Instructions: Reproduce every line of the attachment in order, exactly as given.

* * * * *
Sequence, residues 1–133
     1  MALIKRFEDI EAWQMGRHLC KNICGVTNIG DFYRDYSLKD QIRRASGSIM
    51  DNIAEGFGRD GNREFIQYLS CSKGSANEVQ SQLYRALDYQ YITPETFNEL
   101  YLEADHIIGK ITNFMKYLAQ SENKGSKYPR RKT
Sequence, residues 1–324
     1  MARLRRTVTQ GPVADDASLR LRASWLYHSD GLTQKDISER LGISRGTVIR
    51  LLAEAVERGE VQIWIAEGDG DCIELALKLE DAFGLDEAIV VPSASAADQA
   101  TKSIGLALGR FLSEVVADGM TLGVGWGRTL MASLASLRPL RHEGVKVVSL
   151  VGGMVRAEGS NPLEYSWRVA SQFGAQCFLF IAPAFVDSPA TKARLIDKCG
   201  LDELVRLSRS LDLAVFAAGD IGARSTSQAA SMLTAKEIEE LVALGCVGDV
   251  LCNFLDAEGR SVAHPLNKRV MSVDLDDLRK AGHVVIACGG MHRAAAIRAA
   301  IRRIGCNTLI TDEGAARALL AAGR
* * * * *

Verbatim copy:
Sequence, residues 1–133
     1  MALIKRFEDI EAWQMGRHLC KNICGVTNIG DFYRDYSLKD QIRRASGSIM
    51  DNIAEGFGRD GNREFIQYLS CSKGSANEVQ SQLYRALDYQ YITPETFNEL
   101  YLEADHIIGK ITNFMKYLAQ SENKGSKYPR RKT
Sequence, residues 1–324
     1  MARLRRTVTQ GPVADDASLR LRASWLYHSD GLTQKDISER LGISRGTVIR
    51  LLAEAVERGE VQIWIAEGDG DCIELALKLE DAFGLDEAIV VPSASAADQA
   101  TKSIGLALGR FLSEVVADGM TLGVGWGRTL MASLASLRPL RHEGVKVVSL
   151  VGGMVRAEGS NPLEYSWRVA SQFGAQCFLF IAPAFVDSPA TKARLIDKCG
   201  LDELVRLSRS LDLAVFAAGD IGARSTSQAA SMLTAKEIEE LVALGCVGDV
   251  LCNFLDAEGR SVAHPLNKRV MSVDLDDLRK AGHVVIACGG MHRAAAIRAA
   301  IRRIGCNTLI TDEGAARALL AAGR